General Election 2017?

With the growing speculation surrounding a potential General Election this May, Interel has put together this briefing on what steps could be taken to trigger a General Election.
The Fixed Term Parliaments Act 2011 suspended the use of the Royal Prerogative, meaning that the Prime Minister can no longer use this power to dissolve Parliament and call an early election. There are however three options available to the Prime Minister to call a General Election before Thursday 7th May 2020.
Recent media speculation has stated that an election may be called for at the same time as Theresa May triggers Article 50, which was announced today as 29th March. As part of the Electoral Registration and Administration Act 2013 there is a minimum requirement of 25 business days (excluding public holidays) between the dissolution of Parliament and the holding of an election. For each model we therefore outline when an election could occur.

Early Election Motion
The Fixed Term Parliaments Act gives two specific exemptions to the five year restriction on elections. The first of these is that if the House of Commons passes a motion “That there shall be an early Parliamentary General Election on this specific date” by a majority of at least two thirds, then Parliament will be dissolved.

  • This would require the Conservatives and Labour to agree to the date of an election, as well as agree that an election needs to be held.
  • Jeremy Corbyn has previously stated that Labour would vote for an early election and is likely to have the support of enough MPs, particularly as many will risk losing their seats in boundary changes if the next election is held in 2020.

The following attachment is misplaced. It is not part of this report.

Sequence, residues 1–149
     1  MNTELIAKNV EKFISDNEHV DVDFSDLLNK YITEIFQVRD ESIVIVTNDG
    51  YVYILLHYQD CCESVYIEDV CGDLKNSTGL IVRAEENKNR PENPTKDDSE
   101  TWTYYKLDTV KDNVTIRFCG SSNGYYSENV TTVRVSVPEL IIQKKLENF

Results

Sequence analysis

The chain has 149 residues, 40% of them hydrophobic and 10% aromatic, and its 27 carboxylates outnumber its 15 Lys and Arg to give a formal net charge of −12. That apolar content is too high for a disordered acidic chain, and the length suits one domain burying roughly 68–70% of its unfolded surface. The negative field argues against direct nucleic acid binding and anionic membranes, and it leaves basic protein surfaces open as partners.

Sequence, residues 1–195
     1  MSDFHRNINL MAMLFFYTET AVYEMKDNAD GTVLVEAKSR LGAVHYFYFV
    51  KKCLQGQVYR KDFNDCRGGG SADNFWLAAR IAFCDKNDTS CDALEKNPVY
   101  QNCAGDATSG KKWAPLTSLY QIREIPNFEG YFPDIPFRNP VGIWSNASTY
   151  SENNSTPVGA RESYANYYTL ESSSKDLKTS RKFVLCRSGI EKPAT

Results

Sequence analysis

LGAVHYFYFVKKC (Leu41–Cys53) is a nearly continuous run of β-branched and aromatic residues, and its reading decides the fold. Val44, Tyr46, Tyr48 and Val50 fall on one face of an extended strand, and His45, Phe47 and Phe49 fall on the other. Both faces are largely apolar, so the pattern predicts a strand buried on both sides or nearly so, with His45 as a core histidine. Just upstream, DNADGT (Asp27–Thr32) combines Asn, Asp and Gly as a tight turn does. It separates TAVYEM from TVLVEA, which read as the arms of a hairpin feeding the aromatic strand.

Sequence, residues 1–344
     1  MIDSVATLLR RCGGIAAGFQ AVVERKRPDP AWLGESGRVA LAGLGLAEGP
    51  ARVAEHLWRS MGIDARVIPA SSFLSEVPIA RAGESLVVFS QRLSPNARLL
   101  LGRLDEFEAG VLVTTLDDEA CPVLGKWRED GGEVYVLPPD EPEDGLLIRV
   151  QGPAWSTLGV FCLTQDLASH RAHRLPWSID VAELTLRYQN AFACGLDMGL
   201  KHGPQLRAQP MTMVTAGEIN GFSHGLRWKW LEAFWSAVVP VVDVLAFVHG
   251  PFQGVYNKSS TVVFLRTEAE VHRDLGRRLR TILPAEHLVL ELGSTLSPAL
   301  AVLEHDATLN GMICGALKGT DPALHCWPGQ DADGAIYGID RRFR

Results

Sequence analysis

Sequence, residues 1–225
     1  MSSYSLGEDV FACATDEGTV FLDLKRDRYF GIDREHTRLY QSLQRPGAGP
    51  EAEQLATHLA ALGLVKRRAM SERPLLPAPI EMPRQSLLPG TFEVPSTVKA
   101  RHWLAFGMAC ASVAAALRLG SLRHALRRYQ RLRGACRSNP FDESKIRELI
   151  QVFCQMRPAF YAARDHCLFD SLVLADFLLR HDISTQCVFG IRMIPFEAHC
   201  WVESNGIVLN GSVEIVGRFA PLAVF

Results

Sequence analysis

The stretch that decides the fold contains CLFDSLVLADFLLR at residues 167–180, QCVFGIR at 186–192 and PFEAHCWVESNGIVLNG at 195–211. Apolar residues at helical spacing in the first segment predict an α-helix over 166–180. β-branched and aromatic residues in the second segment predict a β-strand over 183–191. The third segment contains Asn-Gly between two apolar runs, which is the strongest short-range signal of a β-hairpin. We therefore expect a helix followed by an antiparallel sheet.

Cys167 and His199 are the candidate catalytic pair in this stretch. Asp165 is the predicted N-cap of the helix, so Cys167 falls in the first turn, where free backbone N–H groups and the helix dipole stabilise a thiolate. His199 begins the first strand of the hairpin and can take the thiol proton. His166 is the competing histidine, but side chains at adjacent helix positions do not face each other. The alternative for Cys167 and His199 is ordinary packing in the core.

• Were the Prime Minister to propose a motion on the 29th March, the first potential date for an election would be Friday 5th May, though this would likely revert to Thursday 11th May to maintain the tradition of elections on Thursdays and would require the support of Labour.

Vote of No Confidence

The second alternative laid out by the Fixed Terms Parliaments Act, is that a new election can be called if the House of Commons passes a vote of no confidence in the Government by a majority of MPs.

  • It would be possible for the Conservatives to call a motion of no confidence in their own Government. Historically however Governments that call votes of no confidence of themselves suffer election losses as the electorate turns against this display of naked ambition.
  • Before an election date can be set there has to be a pause of 2 weeks to allow the House of Commons to rethink their decision. If a vote of confidence succeeds in these 14 days then Theresa May’s Government would remain in power.
  • In this scenario the earliest possible date would be Friday the 19th May, or Thursday 25th May.

Repeal of the Fixed Term Parliaments Act
The most challenging option for the Government, and thus the least likely to be used is the option of repealing the Fixed Term Parliaments Act, this would require the Government to win a majority both in the House of Commons and the House of Lords to return Royal Prerogative powers to the Prime Minister, allowing a General Election to be called at any point.

  • At present the Government has no majority in the House of Lords, which as shown by the Article 50 bill, could result in delays to the process.
  • Even if the Government can pass the bill quickly through the House of Commons, it could take a minimum of six weeks to pass through both Houses of Parliament.
  • In this scenario it could take until Thursday 11th May for the Prime Minister to regain power to call an election. Potentially making Thursday 22nd June the first date for an election.

Brexit” by Markus Unger is licensed under CC BY 2.0